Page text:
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Carillion inquiry slams refusal to overhaul Whitehall role

The Carillion joint inquiry has branded the government’s refusal to review the role of crown representatives that monitor major government suppliers as “astonishing”.

MPs on the select committees behind the inquiry criticised crown representatives, which oversee the relationship between government and strategic suppliers such as Carillion, in their report into the firm’s collapse.

The report condemned their inability to flag Carillion’s problems ahead of its July profit warning, and recommended the government “immediately reviews the role and responsibilities of its crown representatives”.

In a letter published today, Cabinet Office minister David Liddington refused to accept the recommendation – a move inquiry co-chairs Frank Field and Rachel Reeves described as “astonishing”.

“There is no question that the current system of monitoring suppliers was not able to identify or prevent the precarious state of Carillion and its decline and collapse,” the co-chairs wrote in a reply to Mr Liddington.

“It is astonishing that there has been no indication of any government action to resolve this.”

They added that “difficulties being experienced” by Interserve and Capita, both strategic suppliers, made a review “a matter of particular urgency”.

Interserve chief executive Debbie White revealed in June that the company had been given a ‘red’ rating by the government, meaning it had ‘significant material concerns’ about the business.

In his response to the Carillion joint inquiry, Mr Liddington did accept that crown representatives were vulnerable to being misled by supplier management.

He said: “If the information that the managers and directors we interact with have been given is incorrect, or if those managers fail to pass that on to us correctly, then problems can of course arise.”

In response, the inquiry co-chairs said this was “precisely what happened” in the case of Carillion, which made it “difficult to understand why you see no reason to look more closely” at the work of the representatives.

Commenting on Mr Liddington’s response to the inquiry, Ms Reeves said there was a clear need for the government to “get a grip” on its suppliers.

“The reality must be that either the crown representative system failed for Carillion or it has never worked at all,” Ms Reeves said.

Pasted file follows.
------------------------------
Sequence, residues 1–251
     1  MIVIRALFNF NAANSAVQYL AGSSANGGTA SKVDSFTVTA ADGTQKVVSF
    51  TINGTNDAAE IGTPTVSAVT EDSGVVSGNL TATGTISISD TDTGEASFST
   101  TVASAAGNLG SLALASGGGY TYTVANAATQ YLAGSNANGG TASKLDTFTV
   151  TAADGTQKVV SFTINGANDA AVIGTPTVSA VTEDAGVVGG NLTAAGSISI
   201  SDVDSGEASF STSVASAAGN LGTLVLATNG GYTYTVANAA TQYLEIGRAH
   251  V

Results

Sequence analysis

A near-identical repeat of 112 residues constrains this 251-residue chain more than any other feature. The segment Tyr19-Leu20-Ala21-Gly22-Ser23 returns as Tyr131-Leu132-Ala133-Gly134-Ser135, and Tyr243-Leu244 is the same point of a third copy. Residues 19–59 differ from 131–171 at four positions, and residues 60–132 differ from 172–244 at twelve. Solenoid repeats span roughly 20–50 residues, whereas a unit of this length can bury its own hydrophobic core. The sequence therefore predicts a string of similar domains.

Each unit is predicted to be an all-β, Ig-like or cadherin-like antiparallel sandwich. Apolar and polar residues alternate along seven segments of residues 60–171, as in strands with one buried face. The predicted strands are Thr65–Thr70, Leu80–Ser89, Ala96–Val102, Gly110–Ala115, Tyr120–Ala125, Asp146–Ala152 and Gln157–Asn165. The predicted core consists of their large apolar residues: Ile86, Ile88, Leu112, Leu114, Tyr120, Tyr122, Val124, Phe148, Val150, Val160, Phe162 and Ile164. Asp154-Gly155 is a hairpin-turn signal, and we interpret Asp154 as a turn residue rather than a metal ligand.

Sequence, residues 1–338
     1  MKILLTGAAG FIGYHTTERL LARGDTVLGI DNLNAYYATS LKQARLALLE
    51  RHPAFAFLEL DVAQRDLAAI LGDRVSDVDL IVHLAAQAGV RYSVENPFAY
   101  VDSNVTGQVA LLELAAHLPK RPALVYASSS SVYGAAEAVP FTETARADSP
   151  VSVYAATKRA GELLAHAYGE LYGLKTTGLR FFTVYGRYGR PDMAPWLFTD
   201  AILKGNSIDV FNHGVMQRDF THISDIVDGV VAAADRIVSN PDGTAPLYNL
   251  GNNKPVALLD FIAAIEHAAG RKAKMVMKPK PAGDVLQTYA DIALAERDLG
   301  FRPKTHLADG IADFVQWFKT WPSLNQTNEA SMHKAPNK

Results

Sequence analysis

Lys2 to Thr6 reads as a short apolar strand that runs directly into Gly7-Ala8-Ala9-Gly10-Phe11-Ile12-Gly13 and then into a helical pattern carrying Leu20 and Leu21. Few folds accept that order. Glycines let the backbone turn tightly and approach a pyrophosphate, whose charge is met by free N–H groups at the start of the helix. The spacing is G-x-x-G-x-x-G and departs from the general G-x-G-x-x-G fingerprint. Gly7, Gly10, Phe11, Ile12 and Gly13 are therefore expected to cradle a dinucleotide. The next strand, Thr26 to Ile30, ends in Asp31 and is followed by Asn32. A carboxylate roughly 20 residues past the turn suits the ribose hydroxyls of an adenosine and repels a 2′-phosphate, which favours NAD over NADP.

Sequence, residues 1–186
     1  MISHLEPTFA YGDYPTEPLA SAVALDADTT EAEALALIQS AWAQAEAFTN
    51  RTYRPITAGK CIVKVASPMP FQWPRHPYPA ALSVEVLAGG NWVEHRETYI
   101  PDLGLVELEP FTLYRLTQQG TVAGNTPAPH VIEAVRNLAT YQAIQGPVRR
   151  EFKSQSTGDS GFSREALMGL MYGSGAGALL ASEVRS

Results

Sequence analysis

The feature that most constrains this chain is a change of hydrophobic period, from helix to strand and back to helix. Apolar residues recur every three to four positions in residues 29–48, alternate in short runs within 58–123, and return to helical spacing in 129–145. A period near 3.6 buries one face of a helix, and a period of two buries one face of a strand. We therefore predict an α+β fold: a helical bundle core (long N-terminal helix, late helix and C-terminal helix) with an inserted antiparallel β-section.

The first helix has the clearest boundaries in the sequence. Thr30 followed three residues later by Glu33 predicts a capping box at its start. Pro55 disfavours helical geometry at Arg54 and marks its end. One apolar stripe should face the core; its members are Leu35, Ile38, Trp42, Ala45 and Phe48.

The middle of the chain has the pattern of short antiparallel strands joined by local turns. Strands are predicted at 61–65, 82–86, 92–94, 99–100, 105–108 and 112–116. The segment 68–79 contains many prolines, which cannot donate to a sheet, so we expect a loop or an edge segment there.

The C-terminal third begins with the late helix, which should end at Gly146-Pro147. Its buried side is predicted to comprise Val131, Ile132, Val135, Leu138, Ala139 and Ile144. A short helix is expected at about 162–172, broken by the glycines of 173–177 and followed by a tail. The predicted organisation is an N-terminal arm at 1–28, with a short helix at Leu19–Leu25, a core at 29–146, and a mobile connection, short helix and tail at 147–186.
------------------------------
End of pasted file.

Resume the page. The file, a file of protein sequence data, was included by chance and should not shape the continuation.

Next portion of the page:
“Whichever is true, the government urgently needs to tackle the central issue, which is to get a grip on its suppliers and protect the interest of taxpayers and those who rely on these businesses.”

Mr Field added: “This response perfectly illustrates the complacency that got us, the public purse and some key public contracts into this mess.”

Readers' comments (6)

  • Unbelievable Cop Out!

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  • Poachers pretending to be gatekeepers?

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  • CN
    Can you find out who these crown representatives are and how much they are paid.
    "In his response to the Carillion joint inquiry, Mr Liddington did accept that crown representatives were vulnerable to being misled by supplier management."
    Misled in what way. Does he mean bribes or stupidity? Either way it sounds like my taxes are paying for incompetence which should not be tolerated.

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  • Interserve next...another occasion crown reps have been hoodwinked.

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  • Government should waste money on such roles. They are never going to succeed when dipping in and out and skimming over the top - they are just never going to ever highlight anything of use.
    It’s a typical bureaucratic approach to just add another bureaucrat that cannot brung any value but can be a potential scapegoat

    Save our taxes and stop employing these wastes of space - smaller government!

    Frank field and his childish sound bytes are also embarrassing - he adds no value either

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  • The Cabinet Office is not equipped or staffed to deal with the overview of the Public Sector Supply Chain. They generally lack the necessary understanding of business. Its role appears often a PR function rather than a watchdog and result in some relationships with contractors which are too cosy.

    It is evident that pressure is put on various public bodies by the Cabinet Office to continue placing contracts with the likes of Carillion even where their financial status is dubious. The logic is if contracts are withheld then it will cause a run on their stability and bring them down with resultant costs to picking up pieces. Well any person with experience in the financial failure of contractors will tell that doesn’t work. Again even if a company in financial difficulties does not fail, its recovery is often marked poor performance which in turn costs time and money.

    The Cabinet Office is currently unfit for purpose and needs radical change.

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